BP faces Mexico class action lawsuit over 2010 oil spill

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BP Oil Spill 5 Years Later: The Coast Is Still Struggling

A few months after reaching the largest corporate settlement in U.S. history, BP Plc faces a class action lawsuit in Mexico over its deadly 2010 Gulf of Mexico oil spill, which a civic group on Friday said it had filed against the company.

Acciones Colectivas de Sinaloa, a group specializing in consumer and environmental class action claims, lodged the lawsuit against four BP units at a Mexico City court this week, said the head of its board, David Cristobal Alvarez.

The claim was based on BP's acknowledgement of the damage caused when the Deepwater Horizon oil rig exploded on April 20, 2010, off the coast of Louisiana, and on studies supporting evidence of environmental damage in Mexico, Alvarez said.

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BP faces Mexico class action lawsuit over 2010 oil spill
FILE - The Transocean Development Driller III, the rig responsible for drilling the main relief well at the site of the Deepwater Horizon oil wellhead, is seen on the Gulf of Mexico near the coast of Louisiana, in this Aug. 14, 2010 file photo. A relief well drilled nearly 2.5 miles beneath the floor of the Gulf of Mexico has intersected BP's blown-out well, a prelude to plugging it once and for all, the U.S government said late Thursday Sept. 16, 2010. The final seal should happen by Sunday. (AP Photo/Patrick Semansky, File)
Surfers try to catch waves as anglers fish the waters near the jetty in Grand Isle, La., as Tropical Depression Bonnie approaches the coast Saturday, July 24, 2010. Some ships prepared to move back to the site of BP's broken oil well Saturday as the remnants of a weakening Tropical Storm Bonnie rolled into the Gulf of Mexico. (AP Photo/Dave Martin)
Vessels operate at the site of the Deepwater Horizon oil spill in the Gulf of Mexico Saturday, July 17, 2010. BP spokesman Daren Beaudo said Saturday afternoon the company would communicate if the trial was stopped. With no word from BP as 3:25 p.m. EDT passed, video footage showed the well was still plugged. (AP Photo/Dave Martin)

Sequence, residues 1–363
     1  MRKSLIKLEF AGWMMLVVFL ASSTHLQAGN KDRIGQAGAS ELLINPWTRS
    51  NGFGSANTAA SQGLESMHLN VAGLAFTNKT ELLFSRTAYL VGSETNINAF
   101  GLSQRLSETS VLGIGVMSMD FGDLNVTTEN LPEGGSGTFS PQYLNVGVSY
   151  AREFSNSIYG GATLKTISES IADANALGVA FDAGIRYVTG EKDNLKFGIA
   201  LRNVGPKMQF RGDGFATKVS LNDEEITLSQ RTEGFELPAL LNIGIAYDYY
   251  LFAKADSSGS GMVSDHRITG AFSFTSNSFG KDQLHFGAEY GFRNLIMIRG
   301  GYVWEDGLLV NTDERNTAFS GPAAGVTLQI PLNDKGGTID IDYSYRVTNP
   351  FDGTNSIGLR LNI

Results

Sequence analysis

Vessels operate at the site of the Deepwater Horizon oil spill in the Gulf of Mexico Saturday, July 17, 2010. BP spokesman Daren Beaudo said Saturday afternoon the company would communicate if the trial was stopped. With no word from BP as 3:25 p.m. EDT passed, video footage showed the well was still plugged. (AP Photo/Dave Martin)
Tourists watch the surf in Gulf Shores, Ala., after walking through a patch of oil that washed ashore Saturday, July 17, 2010. Tourism has picked up at the beach since BP stopped the flow of oil into the Gulf. (AP Photo/Dave Martin)
A oil cleanup worker rakes the sand in Orange Beach, Ala., Sunday, July 18, 2010. BP hopes to keep using its giant stopper to block oil from reaching the Gulf of Mexico until they plug the blown out well permanently, the company said Sunday. Retired U.S. Coast Guard Adm. Thad Allen outlined a different plan on Saturday, saying that after the test was complete, the cap would be hooked up through nearly a mile of pipes stretching to ships on the surface that will collect the oil. (AP Photo/Dave Martin)
A workboat operates in a heavy oil slick at the site of the Deepwater Horizon incident in the Gulf of Mexico Friday, July 16, 2010. The wellhead has been capped and BP is continuing to test the integrity of the well before resuming production. (AP Photo/Dave Martin)